Quote of the week

Mr Zuma is no ordinary litigant. He is the former President of the Republic, who remains a public figure and continues to wield significant political influence, while acting as an example to his supporters… He has a great deal of power to incite others to similarly defy court orders because his actions and any consequences, or lack thereof, are being closely observed by the public. If his conduct is met with impunity, he will do significant damage to the rule of law. As this Court noted in Mamabolo, “[n]o one familiar with our history can be unaware of the very special need to preserve the integrity of the rule of law”. Mr Zuma is subject to the laws of the Republic. No person enjoys exclusion or exemption from the sovereignty of our laws… It would be antithetical to the value of accountability if those who once held high office are not bound by the law.

Khampepe j
Secretary of the Judicial Commission of Inquiry into Allegations of State Capture, Corruption and Fraud in the Public Sector including Organs of State v Zuma and Others (CCT 52/21) [2021] ZACC 18
1 August 2008

A tale of two judgments

The contrast in tone and content of the majority and dissenting opinions in the Constitutional Court judgment in the Jacob Zuma and Thint cases handed down yesterday is stark. It provides a fascinating window into the two different approaches to the very difficult question of how to balance the rights of accused persons on the one hand, against the need of the state to successfully prosecute complicated crimes of dishonesty on the other.

To my mind the majority opinion – penned by Chief Justice Pius Langa – is based on the (probably reasonable) assumption that persons faced with fraud and corruption charges that carry a minimum 15 year sentence may well have a strong motive to try and hide or destroy evidence that might help the state to secure a conviction. In order to ensure the successful prosecution of fraud and corruption cases the state should therefore be given some leeway in obtaining evidence that might well otherwise be hidden or destroyed by the accused.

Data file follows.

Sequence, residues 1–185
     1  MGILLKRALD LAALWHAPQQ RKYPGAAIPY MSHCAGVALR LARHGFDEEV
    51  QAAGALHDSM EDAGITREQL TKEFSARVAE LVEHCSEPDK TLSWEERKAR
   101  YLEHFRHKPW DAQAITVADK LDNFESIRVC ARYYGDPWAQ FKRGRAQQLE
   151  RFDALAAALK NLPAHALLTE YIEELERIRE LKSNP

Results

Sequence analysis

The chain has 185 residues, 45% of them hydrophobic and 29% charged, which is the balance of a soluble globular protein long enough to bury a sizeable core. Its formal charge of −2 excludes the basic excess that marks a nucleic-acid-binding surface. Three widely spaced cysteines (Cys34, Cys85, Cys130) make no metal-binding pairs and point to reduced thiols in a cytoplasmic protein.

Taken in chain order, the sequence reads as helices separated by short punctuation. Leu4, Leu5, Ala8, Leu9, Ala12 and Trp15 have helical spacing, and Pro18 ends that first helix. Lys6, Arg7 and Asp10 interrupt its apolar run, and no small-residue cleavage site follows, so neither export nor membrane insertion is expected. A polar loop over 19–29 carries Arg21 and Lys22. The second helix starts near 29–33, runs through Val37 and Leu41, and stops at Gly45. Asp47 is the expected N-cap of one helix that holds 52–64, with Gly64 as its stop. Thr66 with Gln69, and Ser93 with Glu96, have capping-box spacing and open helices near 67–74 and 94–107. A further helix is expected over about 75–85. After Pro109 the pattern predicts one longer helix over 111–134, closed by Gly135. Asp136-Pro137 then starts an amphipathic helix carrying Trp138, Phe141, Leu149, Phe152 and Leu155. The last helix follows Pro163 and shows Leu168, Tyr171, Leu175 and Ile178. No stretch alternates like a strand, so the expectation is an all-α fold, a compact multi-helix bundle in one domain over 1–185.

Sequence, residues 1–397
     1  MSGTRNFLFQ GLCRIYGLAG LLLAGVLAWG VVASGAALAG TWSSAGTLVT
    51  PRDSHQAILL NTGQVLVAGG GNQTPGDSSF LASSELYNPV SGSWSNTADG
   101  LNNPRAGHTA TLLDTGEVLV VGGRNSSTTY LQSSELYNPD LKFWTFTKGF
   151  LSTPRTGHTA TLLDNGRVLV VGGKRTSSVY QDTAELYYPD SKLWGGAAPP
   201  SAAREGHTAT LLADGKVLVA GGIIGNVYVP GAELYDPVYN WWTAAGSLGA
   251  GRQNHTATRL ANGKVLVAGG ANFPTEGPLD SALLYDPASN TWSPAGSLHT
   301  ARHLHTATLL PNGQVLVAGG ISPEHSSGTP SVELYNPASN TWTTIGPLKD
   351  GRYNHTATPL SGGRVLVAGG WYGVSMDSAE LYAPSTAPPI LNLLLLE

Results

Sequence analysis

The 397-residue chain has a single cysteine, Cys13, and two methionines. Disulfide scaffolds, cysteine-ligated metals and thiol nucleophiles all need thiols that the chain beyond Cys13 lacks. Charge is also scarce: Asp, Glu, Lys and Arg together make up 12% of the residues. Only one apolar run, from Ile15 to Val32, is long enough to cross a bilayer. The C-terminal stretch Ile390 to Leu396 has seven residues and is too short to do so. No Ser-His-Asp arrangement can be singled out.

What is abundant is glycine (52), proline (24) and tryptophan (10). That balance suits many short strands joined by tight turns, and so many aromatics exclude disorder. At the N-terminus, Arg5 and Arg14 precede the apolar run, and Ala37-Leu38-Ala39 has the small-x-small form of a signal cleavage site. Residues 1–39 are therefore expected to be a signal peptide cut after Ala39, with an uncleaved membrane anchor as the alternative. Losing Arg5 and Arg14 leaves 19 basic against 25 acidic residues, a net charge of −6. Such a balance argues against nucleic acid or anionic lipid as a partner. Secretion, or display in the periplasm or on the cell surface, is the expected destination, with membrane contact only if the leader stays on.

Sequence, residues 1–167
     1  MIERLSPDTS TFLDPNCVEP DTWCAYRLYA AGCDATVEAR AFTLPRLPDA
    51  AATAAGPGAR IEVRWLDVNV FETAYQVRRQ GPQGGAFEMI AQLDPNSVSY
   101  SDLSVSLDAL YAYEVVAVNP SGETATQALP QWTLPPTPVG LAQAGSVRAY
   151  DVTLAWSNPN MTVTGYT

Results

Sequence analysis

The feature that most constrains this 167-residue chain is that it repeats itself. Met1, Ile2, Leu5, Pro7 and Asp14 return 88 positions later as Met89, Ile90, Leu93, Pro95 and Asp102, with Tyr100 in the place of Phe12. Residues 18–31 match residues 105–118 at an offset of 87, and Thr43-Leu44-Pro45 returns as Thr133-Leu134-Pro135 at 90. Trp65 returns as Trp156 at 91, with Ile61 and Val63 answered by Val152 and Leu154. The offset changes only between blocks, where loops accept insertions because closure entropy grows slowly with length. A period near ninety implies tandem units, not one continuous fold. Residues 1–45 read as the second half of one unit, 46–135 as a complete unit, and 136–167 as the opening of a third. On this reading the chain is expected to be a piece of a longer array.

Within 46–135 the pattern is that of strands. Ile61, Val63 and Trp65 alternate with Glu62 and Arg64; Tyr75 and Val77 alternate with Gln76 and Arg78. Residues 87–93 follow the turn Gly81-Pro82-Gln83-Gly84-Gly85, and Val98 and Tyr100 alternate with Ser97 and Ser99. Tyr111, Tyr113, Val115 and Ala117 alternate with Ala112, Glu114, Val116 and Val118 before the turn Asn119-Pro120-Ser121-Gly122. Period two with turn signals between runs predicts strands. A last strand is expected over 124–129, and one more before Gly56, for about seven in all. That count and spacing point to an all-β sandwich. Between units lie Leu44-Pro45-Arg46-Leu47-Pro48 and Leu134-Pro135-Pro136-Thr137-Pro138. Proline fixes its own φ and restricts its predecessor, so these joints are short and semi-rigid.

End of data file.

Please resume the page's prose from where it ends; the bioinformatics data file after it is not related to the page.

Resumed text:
Thus Langa argues that the state should be allowed to carry out search and seizure operations to gather evidence – rather than less invasive procedures – whenever there is “an appreciable risk, to be judged objectively, that the state will not be able to obtain the evidence by following a less invasive route”. This would not require the state to prove that less invasive means will not produce the document, something, the majority argues, which may be well nigh impossible to do.

Justice Sandile Ngcobo takes a different view. He argues that the state must show that it is not likely to succeed in obtaining the evidence without a search warrant. This is a much higher standard as it requires the state to show that there are no other ways of obtaining the evidence. If there are other ways of obtaining the evidence that may succeed, the state should first pursue this. In this view, the state can only obtain search and seizure warrants if they produce detailed evidence to the judge issuing the warrants that the accused has not co-operated with the state or is likely to hide or destroy evidence sought by the state.

Chief Justice Langa, on the other hand, argues that in making a decision in this regard it is not necessary for the state to provide exhaustive information to the judge to justify this invasive procedure as this would make it almost impossible to obtain search and seizure warrants.